Japanese women are breaking into the map industry by creating various uses for them. These women are out to prove that theories in the best-selling book “Why Men Don’t Listen and Women can’t Read Maps” are completely false.
For Ai Yashiro, 30, fascination with maps began when she arrived to Tokyo from Akita Prefecture to study at a university. She used maps to find meeting places for her friends and whenever she read the maps, she felt the towns were connected to each other. Yashiro works under Zenrin DataCom Co, a provider of map applications. Now Yashiro can use her creativity with maps to entertain and mesmerize readers. Hanae Watanabe, 24, is a lover of vintage maps and a geography and history major at Waseda University in Tokyo. Her love for maps began in junior high when she bought a map of Paris from the late 19th century to hang on her bedroom wall. Obsessed with the map’s accuracy, Watanabe has saved up money from her part-time job to visit major libraries around the world, including the British Library in the suburbs of London and the Library of Congress in Washington. Even popular actress, Miki Maya, has a keen fondness for maps, noting Ino Tadataka (1745-1818) as her respected idol.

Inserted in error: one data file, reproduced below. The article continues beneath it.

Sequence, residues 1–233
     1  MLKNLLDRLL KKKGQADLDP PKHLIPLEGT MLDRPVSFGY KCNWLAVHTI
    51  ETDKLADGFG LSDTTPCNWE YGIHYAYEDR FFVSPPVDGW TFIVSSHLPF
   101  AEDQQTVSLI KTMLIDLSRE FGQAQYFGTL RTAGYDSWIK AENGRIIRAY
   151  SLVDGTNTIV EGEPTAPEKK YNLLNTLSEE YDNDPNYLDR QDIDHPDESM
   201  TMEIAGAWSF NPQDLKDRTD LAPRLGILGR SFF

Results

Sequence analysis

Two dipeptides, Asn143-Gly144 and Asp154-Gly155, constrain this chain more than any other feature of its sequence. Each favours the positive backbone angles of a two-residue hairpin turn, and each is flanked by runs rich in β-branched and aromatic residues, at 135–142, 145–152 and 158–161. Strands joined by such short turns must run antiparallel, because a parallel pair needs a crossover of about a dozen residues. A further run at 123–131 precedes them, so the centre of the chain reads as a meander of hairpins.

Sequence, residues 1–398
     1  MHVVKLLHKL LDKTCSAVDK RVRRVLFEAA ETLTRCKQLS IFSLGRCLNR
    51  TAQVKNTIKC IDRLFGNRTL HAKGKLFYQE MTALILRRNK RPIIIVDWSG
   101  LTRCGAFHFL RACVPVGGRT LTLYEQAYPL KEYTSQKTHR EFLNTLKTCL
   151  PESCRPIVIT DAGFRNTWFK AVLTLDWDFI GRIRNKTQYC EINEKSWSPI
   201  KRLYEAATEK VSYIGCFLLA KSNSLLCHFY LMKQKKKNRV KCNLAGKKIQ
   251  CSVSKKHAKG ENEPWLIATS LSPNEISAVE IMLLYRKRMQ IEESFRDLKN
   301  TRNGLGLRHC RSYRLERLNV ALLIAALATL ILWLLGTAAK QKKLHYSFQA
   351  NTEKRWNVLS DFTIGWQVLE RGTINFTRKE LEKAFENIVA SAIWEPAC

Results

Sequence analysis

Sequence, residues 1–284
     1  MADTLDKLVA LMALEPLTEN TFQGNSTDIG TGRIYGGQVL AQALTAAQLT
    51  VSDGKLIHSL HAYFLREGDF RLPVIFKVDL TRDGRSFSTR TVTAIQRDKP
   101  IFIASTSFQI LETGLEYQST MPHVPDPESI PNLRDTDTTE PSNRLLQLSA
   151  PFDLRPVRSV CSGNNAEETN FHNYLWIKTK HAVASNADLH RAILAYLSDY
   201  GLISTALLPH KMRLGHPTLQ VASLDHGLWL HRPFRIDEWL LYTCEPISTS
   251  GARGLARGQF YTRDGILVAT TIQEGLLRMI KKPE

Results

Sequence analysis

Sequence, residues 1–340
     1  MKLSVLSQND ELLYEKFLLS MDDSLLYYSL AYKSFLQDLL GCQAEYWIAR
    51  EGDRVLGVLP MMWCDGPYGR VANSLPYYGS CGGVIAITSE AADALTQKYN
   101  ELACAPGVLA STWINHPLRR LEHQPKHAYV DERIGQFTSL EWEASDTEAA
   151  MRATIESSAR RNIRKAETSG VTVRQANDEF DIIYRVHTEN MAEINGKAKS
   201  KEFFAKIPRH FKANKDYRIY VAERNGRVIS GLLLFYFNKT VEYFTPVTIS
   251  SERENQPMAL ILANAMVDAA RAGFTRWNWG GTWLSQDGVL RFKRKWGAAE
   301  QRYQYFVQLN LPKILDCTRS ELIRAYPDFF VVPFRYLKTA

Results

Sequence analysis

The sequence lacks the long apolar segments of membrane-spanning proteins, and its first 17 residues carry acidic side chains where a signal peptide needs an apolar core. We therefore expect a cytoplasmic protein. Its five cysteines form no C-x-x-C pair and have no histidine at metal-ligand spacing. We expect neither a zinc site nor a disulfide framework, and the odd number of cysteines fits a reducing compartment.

Ino Tadataka is a surveyor and cartographer from the Edo Period and drew Japan’s first modern map. There is an obvious change in map creations and many more creations are on the rise. Masatoshi Arikawa, a professor of cartography at the University of Tokyo says creations of different types of maps are a result of an increasing number of women involved in the map making process.